On the third issue, the Arbitrator found that the Agency had just cause to reprimand the grievant for failing to obtain prior Agency approval before assisting her relative with Social Security claims. Id. at 7. He found that the Agency did not have just cause for reprimanding the grievant for using franked envelopes for non-official business, and ordered the Agency to expunge the charge from all the grievant's personnel records and to send to the grievant a letter of apology. Id. at 12, 15.

IV. Positions of the Parties

A. First Exception

The Union contends that "[t]he award violates the First Amendment rights of the [employee] and manifests a total disregard of public policy." Exceptions at 2. The Union maintains that the grievant's actions on her mother's behalf were proper under the Agency's Personnel Manual for Supervisors and that any reprimand given to her "had a chilling effect" on her First Amendment right of free speech. Id. at 2-3. Citing Brown v. Brienen, 722 F.2d 360, 365 (7th Cir. 1983), the Union argues that the Agency produced no evidence that it enforced the prior approval rule or "even maintained in any system of records" the approvals that had been given. Id. at 3-4. The Union further argues that no "evidence was introduced that any such prior approval was required by the law or regulations . . . ." Id. at 3.

The Agency responds that the First Amendment issue was not raised before the Arbitrator. Opposition at 2-3. The Agency argues that even if the Arbitrator had considered the issue on his own motion, he would not have found the speech in question to involve a "matter of public concern" requiring "the balancing test set out in Supreme Court[] decisions . . . ." Id. at 4. In the alternative, the Agency argues that its prior approval rule would withstand strict scrutiny because it "is a narrowly tailored means of accomplishing [the Agency's] legitimate objective." Id.

B. Second Exception

The Union asserts "[t]he award evidences a manifest disregard of the agreement and violates law, rules and regulations." Exceptions at 4. Specifically, the Union argues that the Arbitrator's finding that the grievance was improperly filed as a union-management grievance and his denial of the Union's request for official time and expenses "cannot in any rational way be derived from the clear language of the National Agreement . . . and the MOU . . . ." Id. at 5. The Union contends that the definition of grievance under Article 24, section 2(B) of the agreement includes "any complaint . . . by the Union," and that section 10 permits the Union to "opt to submit grievances" at the Union's own choice at any level. Id. at 4.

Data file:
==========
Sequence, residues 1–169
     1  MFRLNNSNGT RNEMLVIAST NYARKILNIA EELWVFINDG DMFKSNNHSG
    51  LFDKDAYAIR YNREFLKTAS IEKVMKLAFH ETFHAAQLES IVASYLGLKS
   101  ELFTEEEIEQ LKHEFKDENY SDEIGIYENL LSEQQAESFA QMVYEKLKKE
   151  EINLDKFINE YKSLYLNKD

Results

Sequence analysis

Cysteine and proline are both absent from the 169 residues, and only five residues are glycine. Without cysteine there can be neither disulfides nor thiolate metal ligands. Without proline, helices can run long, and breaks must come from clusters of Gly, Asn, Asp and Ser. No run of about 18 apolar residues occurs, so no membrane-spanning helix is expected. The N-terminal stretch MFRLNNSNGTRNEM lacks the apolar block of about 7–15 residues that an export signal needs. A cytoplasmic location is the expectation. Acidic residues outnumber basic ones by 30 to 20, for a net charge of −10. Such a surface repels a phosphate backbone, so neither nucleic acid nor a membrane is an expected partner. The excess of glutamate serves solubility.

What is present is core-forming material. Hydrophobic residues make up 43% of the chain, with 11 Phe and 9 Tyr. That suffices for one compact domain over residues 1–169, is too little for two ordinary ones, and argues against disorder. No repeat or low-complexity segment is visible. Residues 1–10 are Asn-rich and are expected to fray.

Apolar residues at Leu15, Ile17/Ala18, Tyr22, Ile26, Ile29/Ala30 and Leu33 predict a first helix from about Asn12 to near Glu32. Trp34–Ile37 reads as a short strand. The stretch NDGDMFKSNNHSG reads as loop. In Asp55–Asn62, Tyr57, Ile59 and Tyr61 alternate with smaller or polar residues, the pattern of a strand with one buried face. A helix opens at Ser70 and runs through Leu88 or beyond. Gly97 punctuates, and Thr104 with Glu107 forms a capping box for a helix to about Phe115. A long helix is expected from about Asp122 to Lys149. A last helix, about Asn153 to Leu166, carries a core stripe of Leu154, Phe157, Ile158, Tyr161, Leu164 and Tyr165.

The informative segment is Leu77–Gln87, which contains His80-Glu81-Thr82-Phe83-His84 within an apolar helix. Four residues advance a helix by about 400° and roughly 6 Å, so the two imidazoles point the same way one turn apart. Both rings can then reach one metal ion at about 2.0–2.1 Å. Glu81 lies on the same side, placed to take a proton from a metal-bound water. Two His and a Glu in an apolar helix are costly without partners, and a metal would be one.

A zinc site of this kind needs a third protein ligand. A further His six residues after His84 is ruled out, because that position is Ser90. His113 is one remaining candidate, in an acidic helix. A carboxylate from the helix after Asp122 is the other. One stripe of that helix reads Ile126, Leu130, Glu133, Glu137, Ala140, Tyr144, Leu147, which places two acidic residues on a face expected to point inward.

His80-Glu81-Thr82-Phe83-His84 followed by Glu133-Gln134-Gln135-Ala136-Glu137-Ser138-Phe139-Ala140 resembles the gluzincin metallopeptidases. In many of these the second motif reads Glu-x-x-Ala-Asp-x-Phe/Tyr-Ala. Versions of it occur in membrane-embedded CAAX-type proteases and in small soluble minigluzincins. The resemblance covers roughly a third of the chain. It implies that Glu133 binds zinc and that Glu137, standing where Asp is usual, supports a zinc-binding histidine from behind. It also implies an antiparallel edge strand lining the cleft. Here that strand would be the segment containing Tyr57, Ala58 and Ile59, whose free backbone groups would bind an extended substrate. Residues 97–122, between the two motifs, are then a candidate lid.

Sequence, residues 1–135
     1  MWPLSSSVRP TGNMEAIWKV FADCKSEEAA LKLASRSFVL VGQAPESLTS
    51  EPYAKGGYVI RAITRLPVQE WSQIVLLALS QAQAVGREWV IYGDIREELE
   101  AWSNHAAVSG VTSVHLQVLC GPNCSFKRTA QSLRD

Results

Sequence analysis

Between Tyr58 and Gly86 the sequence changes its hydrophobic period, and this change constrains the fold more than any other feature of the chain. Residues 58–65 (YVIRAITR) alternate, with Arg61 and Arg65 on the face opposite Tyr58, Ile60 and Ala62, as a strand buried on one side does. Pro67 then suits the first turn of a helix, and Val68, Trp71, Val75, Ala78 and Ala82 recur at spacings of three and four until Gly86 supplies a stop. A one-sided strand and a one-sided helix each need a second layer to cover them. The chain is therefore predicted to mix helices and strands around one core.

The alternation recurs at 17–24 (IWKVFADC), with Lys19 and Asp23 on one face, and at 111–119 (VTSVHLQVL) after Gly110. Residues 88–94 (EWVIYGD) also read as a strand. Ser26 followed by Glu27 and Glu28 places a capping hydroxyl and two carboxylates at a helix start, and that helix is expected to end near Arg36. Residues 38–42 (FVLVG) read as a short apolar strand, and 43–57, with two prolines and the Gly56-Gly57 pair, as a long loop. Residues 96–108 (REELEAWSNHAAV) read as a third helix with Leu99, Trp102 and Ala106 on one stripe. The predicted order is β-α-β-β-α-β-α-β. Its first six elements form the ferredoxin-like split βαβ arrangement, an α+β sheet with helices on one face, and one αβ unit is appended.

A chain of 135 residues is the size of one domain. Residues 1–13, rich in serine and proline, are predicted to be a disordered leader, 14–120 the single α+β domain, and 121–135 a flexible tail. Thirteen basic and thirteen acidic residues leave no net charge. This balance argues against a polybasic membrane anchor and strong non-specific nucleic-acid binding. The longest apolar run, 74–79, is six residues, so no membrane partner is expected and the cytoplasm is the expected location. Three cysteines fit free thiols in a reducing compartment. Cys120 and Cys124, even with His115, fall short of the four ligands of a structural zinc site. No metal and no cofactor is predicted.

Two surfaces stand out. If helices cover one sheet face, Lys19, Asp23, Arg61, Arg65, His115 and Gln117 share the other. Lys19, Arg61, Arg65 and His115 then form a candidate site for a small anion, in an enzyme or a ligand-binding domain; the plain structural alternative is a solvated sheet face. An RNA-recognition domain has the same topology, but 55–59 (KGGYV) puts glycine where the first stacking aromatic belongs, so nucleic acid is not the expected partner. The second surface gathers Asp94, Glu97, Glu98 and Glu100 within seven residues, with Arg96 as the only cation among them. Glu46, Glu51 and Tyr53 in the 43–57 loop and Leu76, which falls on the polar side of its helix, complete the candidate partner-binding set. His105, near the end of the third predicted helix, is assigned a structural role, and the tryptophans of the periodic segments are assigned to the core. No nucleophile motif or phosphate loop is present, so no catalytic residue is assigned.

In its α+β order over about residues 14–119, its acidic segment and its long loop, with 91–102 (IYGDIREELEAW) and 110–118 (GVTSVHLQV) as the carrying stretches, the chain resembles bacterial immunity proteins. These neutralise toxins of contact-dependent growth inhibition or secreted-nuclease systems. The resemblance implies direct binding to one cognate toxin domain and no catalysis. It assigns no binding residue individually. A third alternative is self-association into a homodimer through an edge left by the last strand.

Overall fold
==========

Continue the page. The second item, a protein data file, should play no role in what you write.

The Union also asserts that the Arbitrator engaged in misconduct. The Union argues that the Arbitrator's denial of the Union's request for a postponement of the hearing, a request made because of the Agency's denial of official time and expenses to the Union representative, and his failure to rule on the applicability of the MOU directly at the hearing were evidence of such misconduct. Id. at 5. The Union argues that the Arbitrator's denial of its claim for official time, travel, and per diem expenses could not be derived from the clear language of the agreement and the MOU. Id. Additionally, the Union argues that the award is inapposite to the Authority's holdings on section 7131(d) of the Statute and "in contravention" of Comptroller General decisions interpreting the National Agreement. Id. at 7.

According to the Agency, the Union's second exception is "nothing more than disagreement with the Arbitrator's ultimate decision . . . ." Opposition at 4.

C. Third Exception

The Union asserts that the Arbitrator committed gross error when he did not consider the violation of 5 U.S.C. § 7116(a)(1). Id. at 7. The Union claims that the Arbitrator committed an error of law for two reasons. According to the Union, the Arbitrator characterized the charges of harassment "as a defense to the reprimand, not as a separate issue that the Union [had] brought to the Agency for the discussion called for in section 10[]" and he refused to rule on the evidence of harassment under section 7116(a)(1). Id. at 7-8.

The Agency claims that the Union's third exception constitutes "nothing more than disagreement with the [A]rbitrator's decision and [an] attempt[] to relitigate the issue." Opposition at 5.

V. Analysis and Conclusions

We conclude that the Union's exceptions provide no basis for finding the Arbitrator's award deficient.